The research team, commissioned by The National Catholic Reporter (NCR), which included William D'Antonio of The Catholic University of America (CUA), Mary Gautier of the Center for Applied Research in the Apostolate (CARA) at Georgetown University and Michele Dillon of the University of New Hampshire, recently completed the fifth survey of U.S. Catholics.
Essays in Theology
The sexual abuse scandal at Penn State that toppled the president of the university and iconic football coach Joe Paterno has stimulated many references in the media to a similar problem in the Catholic church.
Although the church's crisis is more widespread and goes back more years than we can count, it is drawn from the same sources: human perversity and its principal enabler, human weakness.
I don't know how the new, literal translation of the Mass, which went into effect on the First Sunday of Advent, was received by Catholics this weekend.
However, even if everything went smoothly in most parishes, Catholics, and especially pastors, had a right to complain about the high cost of purchasing new missals and other liturgical books.
As Catholic institutions, especially schools, multiplied rapidly in the 1950s, Pope Pius XII urged religious superiors to begin the modernization of their congregations. He mentioned specifically the abolition of outmoded customs, the modification of habits and increased attention to the professional education of sisters.
There was no Thanksgiving column last year because, for the first time since I began writing this weekly column in early July 1966, I had to suspend it for about three months for medical reasons.
In 2009, however, I had done a column in thanksgiving for the greatest single asset to the Catholic church in the United States (and I almost certainly can include Canada here): the thousands of nuns who have served the church in so many extraordinary ways: in parishes, in schools, in hospitals, in shelters for women, in prisons, as college and university faculty members, chaplains, residence hall rectors and in so many other ministries, too many to count.
With the election of Martin V as pope on Nov. 11, 1417, the feast of St. Martin, the Great Western Schism (1378-1417) finally came to an end.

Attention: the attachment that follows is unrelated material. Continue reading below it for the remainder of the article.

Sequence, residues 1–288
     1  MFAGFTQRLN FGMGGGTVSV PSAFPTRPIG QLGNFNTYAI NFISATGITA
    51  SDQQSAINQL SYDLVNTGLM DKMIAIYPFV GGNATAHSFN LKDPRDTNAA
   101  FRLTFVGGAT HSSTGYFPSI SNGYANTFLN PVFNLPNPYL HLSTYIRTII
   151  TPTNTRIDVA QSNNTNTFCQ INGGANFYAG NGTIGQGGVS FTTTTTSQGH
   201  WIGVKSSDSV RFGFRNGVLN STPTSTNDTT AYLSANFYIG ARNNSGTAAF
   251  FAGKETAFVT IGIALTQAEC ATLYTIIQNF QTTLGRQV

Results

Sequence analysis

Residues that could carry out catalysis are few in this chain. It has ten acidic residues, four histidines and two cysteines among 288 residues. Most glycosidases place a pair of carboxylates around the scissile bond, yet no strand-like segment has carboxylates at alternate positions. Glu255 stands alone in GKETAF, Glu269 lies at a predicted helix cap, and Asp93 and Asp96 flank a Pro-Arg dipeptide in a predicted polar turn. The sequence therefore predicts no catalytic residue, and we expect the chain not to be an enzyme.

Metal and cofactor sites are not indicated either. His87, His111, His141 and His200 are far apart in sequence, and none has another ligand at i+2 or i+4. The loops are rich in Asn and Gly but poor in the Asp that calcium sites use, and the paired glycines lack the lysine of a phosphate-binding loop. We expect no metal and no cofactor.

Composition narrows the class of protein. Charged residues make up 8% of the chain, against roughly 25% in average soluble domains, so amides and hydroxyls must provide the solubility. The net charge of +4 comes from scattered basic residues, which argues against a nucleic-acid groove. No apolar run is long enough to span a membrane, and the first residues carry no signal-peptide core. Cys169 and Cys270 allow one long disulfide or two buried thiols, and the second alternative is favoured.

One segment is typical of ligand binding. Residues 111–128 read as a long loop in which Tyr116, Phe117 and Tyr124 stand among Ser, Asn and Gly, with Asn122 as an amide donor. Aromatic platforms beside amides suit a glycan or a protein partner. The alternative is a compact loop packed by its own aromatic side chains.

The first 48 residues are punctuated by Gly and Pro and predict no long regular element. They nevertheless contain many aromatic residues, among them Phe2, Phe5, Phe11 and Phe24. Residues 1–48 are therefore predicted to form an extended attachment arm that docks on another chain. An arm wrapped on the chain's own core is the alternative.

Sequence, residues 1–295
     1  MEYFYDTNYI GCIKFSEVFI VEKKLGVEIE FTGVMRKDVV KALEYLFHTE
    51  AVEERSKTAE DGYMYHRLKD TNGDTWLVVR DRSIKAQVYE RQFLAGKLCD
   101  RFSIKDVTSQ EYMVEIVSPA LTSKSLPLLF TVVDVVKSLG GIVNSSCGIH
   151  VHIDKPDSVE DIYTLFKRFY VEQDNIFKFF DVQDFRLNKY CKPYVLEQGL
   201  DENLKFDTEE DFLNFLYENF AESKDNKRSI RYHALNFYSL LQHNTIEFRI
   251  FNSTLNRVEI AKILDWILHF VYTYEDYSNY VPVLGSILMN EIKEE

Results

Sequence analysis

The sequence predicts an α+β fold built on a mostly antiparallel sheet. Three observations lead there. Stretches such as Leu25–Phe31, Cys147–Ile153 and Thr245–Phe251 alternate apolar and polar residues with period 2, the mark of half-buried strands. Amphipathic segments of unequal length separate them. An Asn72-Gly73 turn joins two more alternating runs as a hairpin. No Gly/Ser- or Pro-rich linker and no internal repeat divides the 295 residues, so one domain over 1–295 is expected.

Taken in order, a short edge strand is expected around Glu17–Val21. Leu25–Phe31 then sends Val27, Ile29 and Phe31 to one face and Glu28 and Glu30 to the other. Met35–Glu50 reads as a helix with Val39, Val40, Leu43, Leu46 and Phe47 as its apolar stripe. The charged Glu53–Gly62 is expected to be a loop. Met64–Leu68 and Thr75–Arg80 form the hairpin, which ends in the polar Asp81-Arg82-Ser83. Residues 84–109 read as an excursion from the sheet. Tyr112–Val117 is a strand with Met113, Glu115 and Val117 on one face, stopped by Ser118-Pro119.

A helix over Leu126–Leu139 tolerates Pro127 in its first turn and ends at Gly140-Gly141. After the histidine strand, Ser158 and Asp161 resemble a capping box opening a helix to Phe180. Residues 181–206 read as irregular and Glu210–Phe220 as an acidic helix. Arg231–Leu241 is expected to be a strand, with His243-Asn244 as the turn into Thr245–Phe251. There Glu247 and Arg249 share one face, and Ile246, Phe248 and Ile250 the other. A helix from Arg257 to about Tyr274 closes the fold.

The Schism began with the election of Urban VI, one of the most unstable popes in all of papal history and the last non-cardinal to be elected to the papacy. So intransigent and unreasonable was Urban VI that the French cardinals, who had seen the last French pope elected with Gregory XI (1371-78), elected an antipope, Clement VII.
This Friday is the feast of Charles Borromeo, one of the most important bishops in the entire history of the church, one of the outstanding figures in the Catholic Reformation of the 16th century and patron saint of bishops, catechists and seminarians.
Given all the negative and disheartening news we have been hearing about the Catholic Church in recent years, it's good to be reminded of some of the positive things about Catholicism, in addition to its sacramental life and (sometimes) vibrant parish life.
In my Labor Day column for this year, I chided the U.S. Catholic bishops for two reasons: for failing to apply Catholic social teaching to the issue of justice in the Church itself and for failing to defend the right of workers to form labor unions and to engage in collective bargaining, especially in such states as Wisconsin, Ohio and elsewhere.
The newspapers and television reports have been filled these past few months with references to the so-called Arab Spring, focusing on dramatic developments in Egypt, Libya, Syria and so many other countries in the Arab world.